Coffee sponge fingers
Sometimes good things happen by accident, such as the discovery of the glue that’s used on Post-Its, and the coffee sponge recipe below. To thank my friend Kate for doing me a couple of good turns, I told her I’d invent a cake in her honour. We had a consultation in which she told me she enjoys coffee cakes and carrot cakes, as well as cinnamon. As I have already posted two carrot cake recipes in recent times – a spicy carrot cake and a tooth-rattling salted caramel carrot cake – I figured a coffee cake was the way forward. My sister used to make a coffee layer cake when we were kids, so if she could do it at the age of about nine, surely it would not be beyond my powers to emulate her efforts.
I asked Kate how she takes her coffee and she told me “strong and black”. I started entertaining visions of a dark yet fluffy cake topped off with mascarpone frosting and grated cinnamon. What could possibly go wrong?
My starting point was a teacake recipe with which I would take some extreme liberties. When I added 200ml of almost-pitch black coffee, rather than tea, a rich, dark batter emerged. I was excited. But the first inkling that the vision in my head would not quite match the final outcome came when I started pouring the batter into a baking tray. Instead of faffing about with a layered cake, I was trying to achieve a tray-baked cake that would be easy to cut into slices for elevenses. But as I poured the batter, it didn’t look like enough for such a mission.
Still, I told myself that the self-raising flour would probably work its magic and it would rise magnificently. I was wrong but after half an hour in the oven, something suddenly seemed so right.
I gingerly opened the oven door to check on its progress and I was greeted by a sleek-surfaced expanse of sponge that was bouncy to the touch. This was not going to be the fluffy cake I had in mind. If it stayed in the oven for much longer, I feared the top would start to cremate. I tested it with a skewer and it was cooked right through. Could I have accidentally created coffee sponge fingers? Could this be saved by some judicious slicing and the liberal application of mascarpone frosting? There was only one way to find out.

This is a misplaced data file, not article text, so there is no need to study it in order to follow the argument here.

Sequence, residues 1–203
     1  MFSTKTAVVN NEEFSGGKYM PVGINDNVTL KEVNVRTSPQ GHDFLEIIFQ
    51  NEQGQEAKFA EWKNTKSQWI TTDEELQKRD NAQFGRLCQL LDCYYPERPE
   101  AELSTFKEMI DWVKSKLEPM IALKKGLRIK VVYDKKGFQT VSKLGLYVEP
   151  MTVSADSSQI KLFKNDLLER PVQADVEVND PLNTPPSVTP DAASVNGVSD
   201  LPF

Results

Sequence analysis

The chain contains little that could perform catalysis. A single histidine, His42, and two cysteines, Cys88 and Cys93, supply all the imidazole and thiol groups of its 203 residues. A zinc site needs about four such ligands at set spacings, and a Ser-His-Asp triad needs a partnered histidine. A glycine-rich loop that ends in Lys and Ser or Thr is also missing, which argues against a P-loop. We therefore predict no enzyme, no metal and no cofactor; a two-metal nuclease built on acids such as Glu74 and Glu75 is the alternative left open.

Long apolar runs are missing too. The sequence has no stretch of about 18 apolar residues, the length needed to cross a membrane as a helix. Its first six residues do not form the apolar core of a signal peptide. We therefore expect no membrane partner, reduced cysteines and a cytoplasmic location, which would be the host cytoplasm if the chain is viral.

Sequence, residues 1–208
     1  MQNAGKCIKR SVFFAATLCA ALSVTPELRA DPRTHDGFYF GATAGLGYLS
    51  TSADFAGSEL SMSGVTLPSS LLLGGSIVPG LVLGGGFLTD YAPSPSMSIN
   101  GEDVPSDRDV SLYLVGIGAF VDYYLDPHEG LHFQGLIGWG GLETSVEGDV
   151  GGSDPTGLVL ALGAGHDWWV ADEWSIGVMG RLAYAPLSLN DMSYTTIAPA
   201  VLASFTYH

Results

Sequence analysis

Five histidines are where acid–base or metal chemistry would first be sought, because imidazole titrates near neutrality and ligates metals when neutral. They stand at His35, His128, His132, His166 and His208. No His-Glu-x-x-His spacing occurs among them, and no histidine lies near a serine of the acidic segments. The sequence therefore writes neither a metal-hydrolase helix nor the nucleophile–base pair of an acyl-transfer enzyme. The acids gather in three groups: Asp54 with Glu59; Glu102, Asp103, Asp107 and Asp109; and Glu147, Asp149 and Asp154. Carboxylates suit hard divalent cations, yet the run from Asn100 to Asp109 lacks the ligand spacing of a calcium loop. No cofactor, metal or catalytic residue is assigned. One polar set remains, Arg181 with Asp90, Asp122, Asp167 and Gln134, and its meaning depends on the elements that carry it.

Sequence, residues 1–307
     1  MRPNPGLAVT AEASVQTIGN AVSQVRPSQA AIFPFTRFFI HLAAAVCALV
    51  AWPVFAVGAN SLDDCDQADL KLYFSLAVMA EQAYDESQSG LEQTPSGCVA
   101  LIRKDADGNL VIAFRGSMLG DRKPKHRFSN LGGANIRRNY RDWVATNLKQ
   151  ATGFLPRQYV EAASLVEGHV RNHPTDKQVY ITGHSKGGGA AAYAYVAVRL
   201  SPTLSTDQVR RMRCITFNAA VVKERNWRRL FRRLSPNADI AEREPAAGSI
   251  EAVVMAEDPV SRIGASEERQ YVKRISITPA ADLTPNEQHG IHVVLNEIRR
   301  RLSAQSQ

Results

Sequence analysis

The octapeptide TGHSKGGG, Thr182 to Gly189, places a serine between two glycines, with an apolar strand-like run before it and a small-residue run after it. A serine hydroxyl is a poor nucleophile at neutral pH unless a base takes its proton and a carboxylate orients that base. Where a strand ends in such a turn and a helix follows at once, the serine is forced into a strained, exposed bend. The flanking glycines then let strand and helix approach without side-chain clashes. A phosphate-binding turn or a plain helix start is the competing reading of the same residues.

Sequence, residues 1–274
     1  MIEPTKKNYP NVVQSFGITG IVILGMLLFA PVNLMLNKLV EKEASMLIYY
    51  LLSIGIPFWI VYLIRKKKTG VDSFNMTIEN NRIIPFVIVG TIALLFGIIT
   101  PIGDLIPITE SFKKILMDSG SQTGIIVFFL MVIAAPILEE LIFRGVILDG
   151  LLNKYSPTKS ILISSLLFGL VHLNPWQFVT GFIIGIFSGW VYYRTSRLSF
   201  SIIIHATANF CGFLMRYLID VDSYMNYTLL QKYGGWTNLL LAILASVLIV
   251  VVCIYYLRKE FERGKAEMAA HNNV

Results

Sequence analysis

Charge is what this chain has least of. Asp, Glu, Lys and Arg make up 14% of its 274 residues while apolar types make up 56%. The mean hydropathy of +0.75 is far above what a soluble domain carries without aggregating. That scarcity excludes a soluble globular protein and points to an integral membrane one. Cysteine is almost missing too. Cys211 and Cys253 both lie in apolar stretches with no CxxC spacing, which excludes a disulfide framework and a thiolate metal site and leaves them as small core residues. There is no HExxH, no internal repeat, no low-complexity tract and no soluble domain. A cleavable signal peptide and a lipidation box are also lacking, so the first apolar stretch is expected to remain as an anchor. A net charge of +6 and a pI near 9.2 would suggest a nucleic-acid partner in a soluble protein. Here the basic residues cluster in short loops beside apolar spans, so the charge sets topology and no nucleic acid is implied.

I cut a strip off the end and had a taste. And my husband, my chief cake tester, had a little piece too. It was indeed a rather satisfying sponge, even if it was not as high as I thought it would be. But it was more-ish and the addition of mascarpone frosting would make it even more so.
With what limited patience I could muster – while updating Kate on Facebook chat the whole time – I waited for it to cool down, made mascarpone frosting, slathered it on with gusto and cut it into little fingers that were the ideal size to accompany a cuppa.
As well as being a lovely treat with a cup of tea or coffee, the unfrosted sponge fingers could also be used to build a tiramisu. I know most people buy sponge fingers from the supermarket for a tiramisu but this way, you can really make the whole thing from scratch. Impress your guests when we can finally throw dinner parties again!
The coffee sponge fingers were not what I had in mind but they are addictive. I can’t wait to see Kate in real life again and share some with her.
Coffee sponge fingers
For the sponge fingers
175g light brown sugar
200ml strong black coffee
300g self-raising flour
1 tablespoon vanilla essence or extract
1 teaspoon cinnamon
1 egg, beaten
For the frosting
3 tablespoons icing sugar
3 teaspoons vanilla essence or extract
Cinnamon to decorate
- Preheat the oven to 150 degrees Celsius and prepare a slice tin (mine is 20cm x 30cm and 5cm deep) by greasing it and lining with baking paper.
- Put all the sponge finger ingredients into a large bowl and beat well, either by hand or with electric beaters.
- Pour the batter into the tin and spread with a spatula so it’s as even as possible.
- Bake for 30 minutes or until it is firm to the touch.
- While the sponge is cooling, make the frosting by combining the mascarpone, icing sugar and vanilla.
- Once cooled, spread the frosting over the rectangle of sponge and decorate by sprinkling ground cinnamon from the jar or grating a cinnamon stick.
- Cut into fingers – I cut my sponge down the middle lengthways and then into one-inch fingers.
- Keep in the fridge. You will find that after a few hours of chilling, the frosting will be holding its shape nicely. Also, this frosting is almost pure dairy so it really makes sense to keep it chilled, even in this week’s terrible weather.